January 1997

Root Page of Article: Notes on Defining of Computer-Mediated Communication, by John December

CMC Involves Mediated Communication

Sculptors who work in clay, stone, or soap each gain a feel for the sensibilities of their chosen medium. These materials feel and look different and take manual force differently. Likewise, users and researchers in online communication work with different kinds of "stuff."

I've described the stuff of the Internet in terms of media classes, media objects, and media instances (December, 1996). These definitions rely on the common triad of client-server-content relationships that pervade Internet communication. These media classes, objects, or instances, when situated within contexts, can be studied.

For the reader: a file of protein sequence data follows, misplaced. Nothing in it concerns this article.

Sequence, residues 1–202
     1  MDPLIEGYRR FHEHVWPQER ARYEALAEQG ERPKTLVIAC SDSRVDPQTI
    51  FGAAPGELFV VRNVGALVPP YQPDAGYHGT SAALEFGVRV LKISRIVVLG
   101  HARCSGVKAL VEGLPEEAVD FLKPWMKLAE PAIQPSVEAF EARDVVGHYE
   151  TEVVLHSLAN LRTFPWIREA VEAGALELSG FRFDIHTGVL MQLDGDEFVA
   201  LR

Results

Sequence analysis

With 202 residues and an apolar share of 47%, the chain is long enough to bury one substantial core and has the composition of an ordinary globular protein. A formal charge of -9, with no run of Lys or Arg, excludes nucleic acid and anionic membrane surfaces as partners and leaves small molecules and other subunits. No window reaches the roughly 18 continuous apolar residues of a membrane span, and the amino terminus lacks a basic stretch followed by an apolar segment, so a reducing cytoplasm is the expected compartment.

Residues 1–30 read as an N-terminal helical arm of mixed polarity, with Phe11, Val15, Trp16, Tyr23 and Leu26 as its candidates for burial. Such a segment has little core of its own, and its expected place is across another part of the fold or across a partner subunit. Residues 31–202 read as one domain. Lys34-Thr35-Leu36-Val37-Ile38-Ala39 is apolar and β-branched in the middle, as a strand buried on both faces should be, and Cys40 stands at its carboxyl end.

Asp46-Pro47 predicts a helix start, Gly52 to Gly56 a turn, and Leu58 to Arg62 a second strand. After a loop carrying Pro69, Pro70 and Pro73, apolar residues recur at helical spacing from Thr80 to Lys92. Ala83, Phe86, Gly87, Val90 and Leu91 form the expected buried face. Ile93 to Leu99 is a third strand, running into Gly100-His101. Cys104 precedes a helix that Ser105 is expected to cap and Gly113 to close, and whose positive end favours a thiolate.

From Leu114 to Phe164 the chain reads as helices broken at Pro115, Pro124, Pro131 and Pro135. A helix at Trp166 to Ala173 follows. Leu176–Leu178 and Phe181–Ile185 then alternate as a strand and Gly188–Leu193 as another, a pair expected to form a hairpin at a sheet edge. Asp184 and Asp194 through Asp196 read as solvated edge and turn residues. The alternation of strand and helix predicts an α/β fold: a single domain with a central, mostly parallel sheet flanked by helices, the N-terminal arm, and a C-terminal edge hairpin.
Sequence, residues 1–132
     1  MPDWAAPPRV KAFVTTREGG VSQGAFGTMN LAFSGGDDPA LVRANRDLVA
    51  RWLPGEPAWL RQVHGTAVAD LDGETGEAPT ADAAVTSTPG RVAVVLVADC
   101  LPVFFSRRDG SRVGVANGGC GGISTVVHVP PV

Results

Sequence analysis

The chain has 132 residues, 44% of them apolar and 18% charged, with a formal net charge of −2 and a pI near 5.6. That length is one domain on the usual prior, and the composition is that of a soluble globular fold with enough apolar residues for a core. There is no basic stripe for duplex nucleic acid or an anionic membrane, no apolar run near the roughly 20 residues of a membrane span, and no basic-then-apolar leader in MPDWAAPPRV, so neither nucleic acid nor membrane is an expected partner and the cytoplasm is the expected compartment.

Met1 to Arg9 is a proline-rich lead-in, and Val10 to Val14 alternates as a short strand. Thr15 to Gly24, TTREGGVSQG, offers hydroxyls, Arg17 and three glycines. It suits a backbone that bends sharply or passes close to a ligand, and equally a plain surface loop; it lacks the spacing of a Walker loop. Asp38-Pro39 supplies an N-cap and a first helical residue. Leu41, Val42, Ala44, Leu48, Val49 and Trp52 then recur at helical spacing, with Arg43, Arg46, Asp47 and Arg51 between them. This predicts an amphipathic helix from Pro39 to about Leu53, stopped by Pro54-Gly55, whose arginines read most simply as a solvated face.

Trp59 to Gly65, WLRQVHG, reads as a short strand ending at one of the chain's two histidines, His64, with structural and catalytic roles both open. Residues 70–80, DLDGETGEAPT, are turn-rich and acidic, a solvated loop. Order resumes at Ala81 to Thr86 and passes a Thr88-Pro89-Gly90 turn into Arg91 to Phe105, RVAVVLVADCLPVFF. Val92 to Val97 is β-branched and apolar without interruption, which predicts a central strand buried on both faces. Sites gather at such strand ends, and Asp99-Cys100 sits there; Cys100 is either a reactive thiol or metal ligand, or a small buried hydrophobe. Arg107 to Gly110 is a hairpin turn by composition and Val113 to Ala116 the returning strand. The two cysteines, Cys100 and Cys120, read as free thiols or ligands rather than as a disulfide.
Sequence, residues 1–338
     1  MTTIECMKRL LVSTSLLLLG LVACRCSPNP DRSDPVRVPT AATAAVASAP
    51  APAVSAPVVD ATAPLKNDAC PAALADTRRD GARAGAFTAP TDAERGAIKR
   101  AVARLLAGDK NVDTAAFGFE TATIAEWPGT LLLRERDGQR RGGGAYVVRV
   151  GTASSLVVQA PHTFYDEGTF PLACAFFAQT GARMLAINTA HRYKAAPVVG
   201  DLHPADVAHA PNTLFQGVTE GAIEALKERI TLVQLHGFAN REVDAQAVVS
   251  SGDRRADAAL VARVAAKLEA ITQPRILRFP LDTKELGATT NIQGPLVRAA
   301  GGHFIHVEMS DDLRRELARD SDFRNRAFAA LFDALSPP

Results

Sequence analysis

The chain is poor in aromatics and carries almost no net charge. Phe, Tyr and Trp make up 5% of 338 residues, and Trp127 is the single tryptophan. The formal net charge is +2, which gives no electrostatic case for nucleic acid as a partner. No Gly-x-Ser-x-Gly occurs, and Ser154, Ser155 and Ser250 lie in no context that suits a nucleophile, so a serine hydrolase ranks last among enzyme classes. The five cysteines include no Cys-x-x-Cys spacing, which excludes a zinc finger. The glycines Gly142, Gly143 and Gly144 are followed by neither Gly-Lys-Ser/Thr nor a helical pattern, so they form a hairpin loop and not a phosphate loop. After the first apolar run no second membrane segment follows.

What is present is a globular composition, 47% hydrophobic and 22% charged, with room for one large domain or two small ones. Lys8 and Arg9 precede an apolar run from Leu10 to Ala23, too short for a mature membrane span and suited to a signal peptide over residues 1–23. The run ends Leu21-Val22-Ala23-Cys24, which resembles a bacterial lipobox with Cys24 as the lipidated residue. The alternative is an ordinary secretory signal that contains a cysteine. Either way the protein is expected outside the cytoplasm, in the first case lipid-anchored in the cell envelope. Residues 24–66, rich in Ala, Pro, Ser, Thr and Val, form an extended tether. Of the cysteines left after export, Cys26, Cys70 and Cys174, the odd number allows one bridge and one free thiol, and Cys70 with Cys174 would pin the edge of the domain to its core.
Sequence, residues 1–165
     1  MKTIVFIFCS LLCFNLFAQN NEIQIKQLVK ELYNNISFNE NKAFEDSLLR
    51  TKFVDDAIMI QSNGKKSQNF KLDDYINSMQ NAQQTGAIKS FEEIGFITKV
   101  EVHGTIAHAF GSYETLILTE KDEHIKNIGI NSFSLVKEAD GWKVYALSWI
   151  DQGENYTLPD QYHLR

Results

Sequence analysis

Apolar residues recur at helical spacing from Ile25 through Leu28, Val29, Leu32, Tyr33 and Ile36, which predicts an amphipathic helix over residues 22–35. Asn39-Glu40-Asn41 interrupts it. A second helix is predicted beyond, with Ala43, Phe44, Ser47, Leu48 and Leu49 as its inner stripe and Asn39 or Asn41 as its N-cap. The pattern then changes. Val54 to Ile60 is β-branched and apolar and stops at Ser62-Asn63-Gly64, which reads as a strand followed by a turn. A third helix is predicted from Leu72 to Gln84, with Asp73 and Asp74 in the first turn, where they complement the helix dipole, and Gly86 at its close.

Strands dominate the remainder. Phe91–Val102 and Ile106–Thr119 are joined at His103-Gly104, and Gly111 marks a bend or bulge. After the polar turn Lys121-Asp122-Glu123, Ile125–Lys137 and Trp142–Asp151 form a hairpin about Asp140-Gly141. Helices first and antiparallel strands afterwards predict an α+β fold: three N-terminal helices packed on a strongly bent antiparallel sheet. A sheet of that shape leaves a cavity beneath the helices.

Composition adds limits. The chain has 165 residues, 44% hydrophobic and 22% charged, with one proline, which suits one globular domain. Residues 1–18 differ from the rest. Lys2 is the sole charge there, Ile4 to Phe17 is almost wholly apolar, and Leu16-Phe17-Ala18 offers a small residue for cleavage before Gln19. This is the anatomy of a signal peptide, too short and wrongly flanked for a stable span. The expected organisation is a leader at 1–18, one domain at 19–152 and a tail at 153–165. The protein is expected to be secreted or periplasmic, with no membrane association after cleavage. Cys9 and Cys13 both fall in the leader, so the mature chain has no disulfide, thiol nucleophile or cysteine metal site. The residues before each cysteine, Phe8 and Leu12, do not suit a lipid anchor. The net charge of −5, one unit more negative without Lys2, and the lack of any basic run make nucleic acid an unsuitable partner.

This diagram shows three media classes. The class Web, at the left is the broadest, and consists of all Web space--all content accessible on Web severs which is accessible using a Web browser or client program. The middle class, JavaSun, is a subclass of Web, restricted to content accessible on the Web server. The rightmost class, JavaSunWin95, is a subclass of JavaSun, and consists of all the applets on the server viewed through the HotJava browser for Windows 95, alpha 3 release.


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